Catch-and-Release Best Practices Part 1: Minimizing Impacts

A recent scientific article in the journal Fisheries Research by Jacob Brownscombe et. al.[1] goes through the latest science behind successful catch-and-release best practices. The article entitled “Best practices for catch-and-release recreational fisheries – angling tools and tactics” contains key tactics for releasing fish back into the wild that will mitigate both immediate and delayed mortality or impairment – i.e. the fish goes back with an optimal chance to be one day caught again!

Catch-and-Release Best Practices

Let it go, let it grow…

It’s a pretty large chunk of work that I’d like to breakdown into a couple of posts, highlighting a list of best practices that can be employed. It’s worth noting up front that three key factors correlating with fish death are 1) type of terminal tackle, 2) time out of the water and 3) water temperatures. Angling experience is also highly correlated with fish survivability. Experienced anglers can hook, play, land, unhook, and release a fish quickly. They are generally more prepared to handle a bigger fish, have the tools at hand to unhook a fish quickly and have the experience to do it with minimal damage to the fish. Translation: experienced anglers need to teach novices not just how to catch a fish, but how to handle it and release it effectively as well.

Part 1: Minimizing Impacts
Hooking

  • Lure and hook size are the primary factor in hooking injury, the primary cause of angling related mortality.
  • Small hooks and lures are much more likely to be deep hooked than bigger lures and hooks.
  • Single hooks can generally be removed quicker than treble hooks reducing time out of the water. However, the size difference between single and treble hooks (of similar size rating 1/0, 2/0 etc.) means that single hooks are more likely to be deep hooked as compared to treble hooks.
  • Interestingly, barbless hooks also reduce injury and hooking times but there is little scientific evidence that they reduce mortality.
  • Circle and octopus hooks reduce injury compared to J-style or treble hooks when using live bait or soft baits. Offset circle hooks, however, appear to be worse than standard circle hooks.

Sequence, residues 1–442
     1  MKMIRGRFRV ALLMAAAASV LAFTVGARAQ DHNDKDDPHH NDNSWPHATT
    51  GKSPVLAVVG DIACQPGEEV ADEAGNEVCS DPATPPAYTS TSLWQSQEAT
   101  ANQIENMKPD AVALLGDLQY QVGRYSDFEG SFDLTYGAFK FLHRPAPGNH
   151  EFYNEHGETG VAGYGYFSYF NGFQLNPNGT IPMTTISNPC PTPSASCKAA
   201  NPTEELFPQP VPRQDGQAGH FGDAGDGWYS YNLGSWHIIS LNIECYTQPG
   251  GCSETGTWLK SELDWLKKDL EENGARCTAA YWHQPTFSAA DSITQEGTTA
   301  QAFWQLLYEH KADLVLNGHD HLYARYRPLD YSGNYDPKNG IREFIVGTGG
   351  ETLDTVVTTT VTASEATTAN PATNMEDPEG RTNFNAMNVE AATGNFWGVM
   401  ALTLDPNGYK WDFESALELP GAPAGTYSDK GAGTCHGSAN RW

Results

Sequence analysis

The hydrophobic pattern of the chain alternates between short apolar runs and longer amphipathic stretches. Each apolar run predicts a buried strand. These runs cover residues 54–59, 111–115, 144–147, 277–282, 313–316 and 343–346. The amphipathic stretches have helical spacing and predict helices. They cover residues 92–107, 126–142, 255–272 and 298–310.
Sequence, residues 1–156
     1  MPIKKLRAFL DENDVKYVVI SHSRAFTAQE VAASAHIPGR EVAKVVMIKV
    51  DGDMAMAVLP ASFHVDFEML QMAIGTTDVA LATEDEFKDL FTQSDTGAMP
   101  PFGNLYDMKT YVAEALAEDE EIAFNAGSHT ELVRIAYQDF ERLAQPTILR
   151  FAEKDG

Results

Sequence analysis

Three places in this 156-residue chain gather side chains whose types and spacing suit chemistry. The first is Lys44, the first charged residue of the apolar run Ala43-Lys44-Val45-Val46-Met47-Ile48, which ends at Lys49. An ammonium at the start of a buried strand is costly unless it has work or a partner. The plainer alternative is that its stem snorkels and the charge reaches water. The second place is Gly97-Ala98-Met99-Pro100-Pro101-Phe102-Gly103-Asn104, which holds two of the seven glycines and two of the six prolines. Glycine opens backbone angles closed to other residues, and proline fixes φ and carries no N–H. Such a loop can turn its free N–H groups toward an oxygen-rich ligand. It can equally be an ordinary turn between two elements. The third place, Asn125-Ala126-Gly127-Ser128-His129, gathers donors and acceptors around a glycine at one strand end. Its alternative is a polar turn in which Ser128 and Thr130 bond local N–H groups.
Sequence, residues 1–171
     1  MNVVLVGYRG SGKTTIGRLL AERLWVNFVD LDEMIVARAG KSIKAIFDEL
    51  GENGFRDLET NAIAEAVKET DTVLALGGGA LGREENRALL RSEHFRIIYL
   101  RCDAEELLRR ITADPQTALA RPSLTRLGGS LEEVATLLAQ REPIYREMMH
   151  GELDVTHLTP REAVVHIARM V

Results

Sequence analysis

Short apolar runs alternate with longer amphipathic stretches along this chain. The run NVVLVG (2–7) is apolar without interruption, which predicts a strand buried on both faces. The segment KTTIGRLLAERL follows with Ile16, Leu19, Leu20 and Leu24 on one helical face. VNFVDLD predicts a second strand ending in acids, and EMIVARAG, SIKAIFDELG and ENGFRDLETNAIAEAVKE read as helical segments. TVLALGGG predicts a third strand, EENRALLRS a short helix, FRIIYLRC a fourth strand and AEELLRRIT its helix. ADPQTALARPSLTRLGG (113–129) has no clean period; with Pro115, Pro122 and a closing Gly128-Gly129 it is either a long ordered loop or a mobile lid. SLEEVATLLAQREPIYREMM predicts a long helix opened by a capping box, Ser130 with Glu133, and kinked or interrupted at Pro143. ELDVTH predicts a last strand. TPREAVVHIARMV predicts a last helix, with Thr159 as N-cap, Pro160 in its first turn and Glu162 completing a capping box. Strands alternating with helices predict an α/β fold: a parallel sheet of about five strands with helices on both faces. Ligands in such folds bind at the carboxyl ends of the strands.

• Wide gap hooks appear to result in lower hooking injury.
  • For lure types, natural (live) bait use is most prone to injury, with soft artificial baits being better and hard baits least prone to injury.
  • Scented soft baits showed no greater hooking depth than unscented soft baits.
  • Overall, the worst combination appears to be live bait with a J-style hook, presented on a float or bobber. Best to use this presentation for fish to be harvested.

Retrieval

  • Fairly simple – lower retrieval (playing) times results in lower mortality.
  • Larger fish fare worse with long fight times compared to smaller fish – translation: if you are going after big fish make sure you are using the appropriate gear.
  • High water temperatures combined with long fight times are most problematic. Again, using heavier gear helps to mitigate this problem.

It’s worth noting up front that three key factors correlating with fish death are 1) type of terminal tackle, 2) time out of the water and 3) water temperatures.

Landing

  • Minimize air exposure, keep fish in water while prepping for hook removal and/or measuring/weighing and picture taking. Have live well filled and ready.
  • Rubber nets are shown to minimize epithelial (skin) damage, carry the appropriate size net for the target species and possible incidental catches.
  • Avoid letting the fish fall on carpets, edges etc.
  • Cradles are a good choice for larger species (pike, musky) and for in-water handling and release.
  • Lip gripping devices are not advised and can cause injury.
  • Gaffs should only be used on fish to be harvested.

Handling

  • Clean, wet hands or non-abrasive gloves are best.
  • Studies are showing that lip gripping devices for handling and weighing are proving to be causing damage to many types of fish. Use with caution!

Unhooking

  • Be prepared with the proper tools to minimize air exposure. Speed in removal of the hooks is paramount to survival.
  • For fish hooked in sensitive tissue, particularly the esophagus, cutting the hook or line is often the best choice. One study on bluegill showed that with fish hooked in the esophagus, 40% mortality was found if the hook was removed while only 9% mortality was found for those with the line cut. 46% of the fish were able to expel the hook (with the line cut) after 48 hours. Many studies show that the fish can expel the hook fairly rapidly.
  • As an aside, many anglers mistakenly believe that hooks will quickly rust out of a fishes’ mouth. With old steel hooks in salt water this may be partially true. However, in fresh water and with modern high end nickel plated and specialty alloy hooks this is just not happening.

Documentation

  • Again, minimal handling and air exposure are key. Have cameras, scales and measuring devices ready to go beforehand.
  • Length measurement is promoted over weighing as there is less likelihood of damage. Measuring while submerged in water in a live well is a good option as are bump boards that provide a rigid structure for restraining fish.
  • Weighing fish while they are within the net or weigh bag is best.
  • Weighing with a lip gripping device or large hooks inserted in the base of the gill cover (operculum) have potential for damage for certain species – use with caution.

Lots to digest here but definitely worth your time to think about how you can implement these practices into your fishing routines. In Part 2 we will look at fish assessment and recovery methods prior to release.

Reference
(1) Brownscombe, J.W., et al., Best practices for catch-and-release recreational fisheries – angling tools and tactics. Fish. Res. 186 (2017) 693-705.

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